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June/July 2011 EHJ (Issue 125) - "That pose just got you killed.” Did I just say that out loud? Here I was wedged in a crack on a cliff face watching three rams and five ewes through my camera (attached to my spotting scope) and I started to laugh. Desert sheep hunting by yourself in a tough wilderness unit already points toward mental problems, so I guess having a conversation with myself was not that big of a deal.
My mind was jumbled as I recounted the steps that brought me here. I’ve been a guide for many years, mostly in Arizona, New Mexico and Old Mexico, but the ram tag in my pocket had my name on it this time.
It seemed like just yesterday when I got word that my son and I had both drawn sheep tags in Arizona (he had drawn an elk tag as well). All I could think about was how I was going to get all this done - planning and executing not one, not two, but three truly amazing hunts! To top it off, I was booked solid for the fall hunts and I needed the money, and my son was working.
It was time to cash in on a few favors. I’m used to getting the "I drew a sheep tag and need help” call, but now I was making it. Most of the conversations were along the lines of, "You rotten bum, drawing a sheep tag, I hate you. Okay, when are we going scouting?” This was magnified when you tell people you actually had two sheep tags.
I might add that my son’s hunt unit was right outside our hometown, while my unit was two hours away and almost all wilderness. Because of this, I very often heard, "I’ll help your boy and good luck on your hunt.”
Richard Mendenhall ended up being a big help and coordinator for my son’s hunt, which we were thankful for. Richard had also hunted with his brother, Gary, who had drawn a tag in my unit in 2007, so he helped me a lot by providing maps and invaluable information gleaned from their 16-day wilderness marathon that ended with a beautiful 165-class ram.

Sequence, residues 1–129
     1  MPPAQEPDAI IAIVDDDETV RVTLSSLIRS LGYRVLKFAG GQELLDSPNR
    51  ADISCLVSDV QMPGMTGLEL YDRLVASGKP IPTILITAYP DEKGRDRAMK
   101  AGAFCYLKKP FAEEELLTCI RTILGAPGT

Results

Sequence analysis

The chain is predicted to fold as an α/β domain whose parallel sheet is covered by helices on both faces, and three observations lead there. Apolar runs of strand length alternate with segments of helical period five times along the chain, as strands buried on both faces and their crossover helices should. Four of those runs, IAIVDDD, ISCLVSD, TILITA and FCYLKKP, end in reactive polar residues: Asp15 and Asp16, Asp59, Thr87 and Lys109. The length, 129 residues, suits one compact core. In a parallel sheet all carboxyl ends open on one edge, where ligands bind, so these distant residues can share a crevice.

I also called my buddy, Ronnie, who has mules, but he wouldn’t be able to go until about ten days into the hunt. Until then, I would be on my own.
All the planning and calls came together on the December 3rd, when my son killed a great 167 ram with Richard and Jeff Harris. It was bittersweet for me, because I was finishing up guiding my last elk hunt that day, but I can’t ever thank Richard enough for all he did for my son.
So there I was, finally on my hunt. Any help other than my own two legs and back was still a week or two away, so let’s go hunting.
Sunday found me glassing from the edges of the wilderness into the major mountain range of the unit. A buddy of mine had given me a simple clue that turned the whole hunt around for me. He said, "Forget the top half of the mountain and glass the bottoms.”
Now that that runs to counter to what a hunter’s mind might think, and I forced myself to glass down and not up. By instinct, I envisioned seeing a ram skylined majestically, but that was not where they were.
Bingo! There, at the bottom portion of the slope, was the yellow crescent moon shape of a ram’s horn, and then another! They were about a mile into the wilderness area and it was about 8:30 a.m. I could see even from that distance that at least one of the rams looked good, but I wasn’t sure how many sheep were there total.
For a full account of Jon's adventure, go to page 48 in the June/July 2011 issue of Eastmans' Hunting Journal.